But of course, there are some athletic phenoms that do choose wrestling, and many of those are now going to MMA for the money and fame. And why not? Don't guys as gifted as Jon Jones and Josh Koscheck deserve the chance to sit in the spot light and make money every bit as much as Peyton Manning or Lebron James? The hard truth is amatuer wrestling will never turn into a money making sport in this country because, for most people, it's just not that exciting to watch.
Which leads me to my next point...While MMA may be taking away some top athletes from wrestling, I think it's also bringing a lot of interest to sports like Muay Thai and boxing. Why? Well, one, because they are fun to do. Who doesn't like to hit things? There are alot of guys that go to a 'MMA" gym because they like the UFC, then decide that their favorite aspect of it is the striking. Alot of guys just aren't comfortable with rolling on the ground with another sweaty guy, or just don't like the grueling, workman like effort it takes to fight out double leg takedowns, or escape from the bottom. they want wanna be the guy pulling off highlight reel knockouts. As a result, they stop showing up for the grappling classes and double down on the striking. Those that are serious seek out true MT, KB, or boxing trainers. this is what happened to me. I still like MMA, but I love Muay Thai.
Second, as I said, the general audience doesn't find the wrestling, and therefore the grappling side of MMA, that entertaining. They boo when fights go to the ground, they call for ref resets when fights stall along the cage. Even promoters that fully understand the sport (one in particular) rail against this kind of fight. So the obvious question is, if the only part of MMA I alot of fans want to watch is the stand-up, why not promote kick-boxing? Enter Spike TV's deal with K-1. Now kick boxing will air on a major viacom owned cable network that used to run UFC shows like it was going out of style, and, I may be wrong, but also runs Bellator. Even though K-1 is definitely not MT, it's a step in the right direction. I hope it does well, and believe it will. Maybe someday we will see true blue MT bouts on American basic cable.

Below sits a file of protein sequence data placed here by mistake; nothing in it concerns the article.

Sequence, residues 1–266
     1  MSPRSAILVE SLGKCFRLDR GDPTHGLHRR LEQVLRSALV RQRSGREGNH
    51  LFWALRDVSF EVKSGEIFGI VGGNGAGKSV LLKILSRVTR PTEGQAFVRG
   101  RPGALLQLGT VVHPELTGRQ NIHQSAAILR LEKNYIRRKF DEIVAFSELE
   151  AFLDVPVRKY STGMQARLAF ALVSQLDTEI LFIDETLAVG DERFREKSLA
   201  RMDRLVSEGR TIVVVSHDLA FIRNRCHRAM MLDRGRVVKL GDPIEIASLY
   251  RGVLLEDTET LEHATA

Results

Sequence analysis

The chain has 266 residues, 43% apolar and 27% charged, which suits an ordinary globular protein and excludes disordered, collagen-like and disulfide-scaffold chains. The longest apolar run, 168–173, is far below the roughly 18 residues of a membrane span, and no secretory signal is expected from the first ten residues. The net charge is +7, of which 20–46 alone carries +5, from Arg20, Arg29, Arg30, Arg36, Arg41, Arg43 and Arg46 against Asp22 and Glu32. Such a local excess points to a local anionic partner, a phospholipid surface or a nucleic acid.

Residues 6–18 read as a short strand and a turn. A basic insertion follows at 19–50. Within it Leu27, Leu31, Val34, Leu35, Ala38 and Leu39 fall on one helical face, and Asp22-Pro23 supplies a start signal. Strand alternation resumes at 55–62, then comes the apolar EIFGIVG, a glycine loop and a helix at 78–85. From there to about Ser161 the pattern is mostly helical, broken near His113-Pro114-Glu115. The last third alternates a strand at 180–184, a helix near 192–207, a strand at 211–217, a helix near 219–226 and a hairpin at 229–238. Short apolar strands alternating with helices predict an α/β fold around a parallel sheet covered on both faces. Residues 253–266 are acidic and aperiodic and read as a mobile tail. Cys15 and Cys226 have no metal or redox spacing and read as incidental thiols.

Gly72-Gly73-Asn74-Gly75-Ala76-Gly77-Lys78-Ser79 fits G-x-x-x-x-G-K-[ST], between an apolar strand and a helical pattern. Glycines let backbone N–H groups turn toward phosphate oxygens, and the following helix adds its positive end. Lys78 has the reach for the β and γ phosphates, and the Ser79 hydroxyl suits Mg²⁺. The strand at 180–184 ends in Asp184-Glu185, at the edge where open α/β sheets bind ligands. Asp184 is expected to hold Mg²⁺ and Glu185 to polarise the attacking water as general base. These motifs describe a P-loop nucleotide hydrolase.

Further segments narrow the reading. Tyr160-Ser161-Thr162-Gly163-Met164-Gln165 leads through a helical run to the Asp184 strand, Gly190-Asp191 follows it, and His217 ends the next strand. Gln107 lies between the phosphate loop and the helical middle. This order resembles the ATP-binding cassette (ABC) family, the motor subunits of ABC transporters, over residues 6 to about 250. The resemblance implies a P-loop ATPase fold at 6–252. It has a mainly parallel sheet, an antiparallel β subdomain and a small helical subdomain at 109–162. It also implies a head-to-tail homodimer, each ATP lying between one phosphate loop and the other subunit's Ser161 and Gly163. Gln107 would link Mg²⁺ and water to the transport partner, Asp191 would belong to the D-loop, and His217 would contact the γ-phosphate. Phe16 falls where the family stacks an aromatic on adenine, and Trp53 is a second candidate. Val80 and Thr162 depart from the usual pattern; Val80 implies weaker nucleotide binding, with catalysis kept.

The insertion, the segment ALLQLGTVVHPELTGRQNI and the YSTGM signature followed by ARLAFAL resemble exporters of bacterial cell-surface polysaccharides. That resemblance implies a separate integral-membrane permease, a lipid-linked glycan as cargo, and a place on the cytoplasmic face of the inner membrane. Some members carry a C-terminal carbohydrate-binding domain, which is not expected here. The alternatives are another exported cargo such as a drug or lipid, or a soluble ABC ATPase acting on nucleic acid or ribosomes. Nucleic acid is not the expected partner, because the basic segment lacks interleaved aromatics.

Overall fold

Great feedback, Anonymous. Thanks!ReplyDelete
Great post and comments. Not sure about wrestling, but I would say that boxing has its own internal problems (the degeneration of it from more of a fight to a point-scoring game, etc.) that has contributed to its decline. About the only thing I appreciate about MMA is the fact that it has kind of taken the place of boxing in the American fight imagination, and allows for that occasional socioeconomic escape. It's somewhat as if the London rules come again...ReplyDelete
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Alliance bjj / Brazilian jiu jitsu
When we talk about olympic talent, my personal perspective about MMA is to be disciplined and be trained for the betterment of health and for self-defense as well.ReplyDelete
I don't think so=)ReplyDelete